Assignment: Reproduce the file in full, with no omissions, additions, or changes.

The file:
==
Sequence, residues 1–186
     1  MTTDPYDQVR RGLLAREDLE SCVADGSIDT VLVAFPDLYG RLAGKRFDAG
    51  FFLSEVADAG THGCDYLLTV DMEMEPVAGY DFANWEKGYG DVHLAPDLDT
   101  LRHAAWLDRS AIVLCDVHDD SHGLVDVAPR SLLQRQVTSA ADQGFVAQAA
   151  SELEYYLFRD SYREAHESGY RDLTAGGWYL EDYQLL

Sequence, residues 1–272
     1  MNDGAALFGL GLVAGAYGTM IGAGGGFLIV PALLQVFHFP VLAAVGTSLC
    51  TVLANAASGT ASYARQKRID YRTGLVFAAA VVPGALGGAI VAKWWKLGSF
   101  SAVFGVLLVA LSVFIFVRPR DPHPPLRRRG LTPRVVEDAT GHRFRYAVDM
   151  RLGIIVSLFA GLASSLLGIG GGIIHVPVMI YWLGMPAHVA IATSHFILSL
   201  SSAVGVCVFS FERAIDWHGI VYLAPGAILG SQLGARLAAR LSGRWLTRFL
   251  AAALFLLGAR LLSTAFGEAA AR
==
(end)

Sequence, residues 1–186
     1  MTTDPYDQVR RGLLAREDLE SCVADGSIDT VLVAFPDLYG RLAGKRFDAG
    51  FFLSEVADAG THGCDYLLTV DMEMEPVAGY DFANWEKGYG DVHLAPDLDT
   101  LRHAAWLDRS AIVLCDVHDD SHGLVDVAPR SLLQRQVTSA ADQGFVAQAA
   151  SELEYYLFRD SYREAHESGY RDLTAGGWYL EDYQLL

Sequence, residues 1–272
     1  MNDGAALFGL GLVAGAYGTM IGAGGGFLIV PALLQVFHFP VLAAVGTSLC
    51  TVLANAASGT ASYARQKRID YRTGLVFAAA VVPGALGGAI VAKWWKLGSF
   101  SAVFGVLLVA LSVFIFVRPR DPHPPLRRRG LTPRVVEDAT GHRFRYAVDM
   151  RLGIIVSLFA GLASSLLGIG GGIIHVPVMI YWLGMPAHVA IATSHFILSL
   201  SSAVGVCVFS FERAIDWHGI VYLAPGAILG SQLGARLAAR LSGRWLTRFL
   251  AAALFLLGAR LLSTAFGEAA AR